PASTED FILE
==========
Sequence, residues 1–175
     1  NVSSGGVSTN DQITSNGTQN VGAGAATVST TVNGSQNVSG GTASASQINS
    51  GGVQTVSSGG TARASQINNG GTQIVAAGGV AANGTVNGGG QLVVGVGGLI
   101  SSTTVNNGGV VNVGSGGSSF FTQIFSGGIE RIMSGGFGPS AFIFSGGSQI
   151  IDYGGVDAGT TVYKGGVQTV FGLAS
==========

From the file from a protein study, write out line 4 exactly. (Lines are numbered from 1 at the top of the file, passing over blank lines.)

   101  SSTTVNNGGV VNVGSGGSSF FTQIFSGGIE RIMSGGFGPS AFIFSGGSQI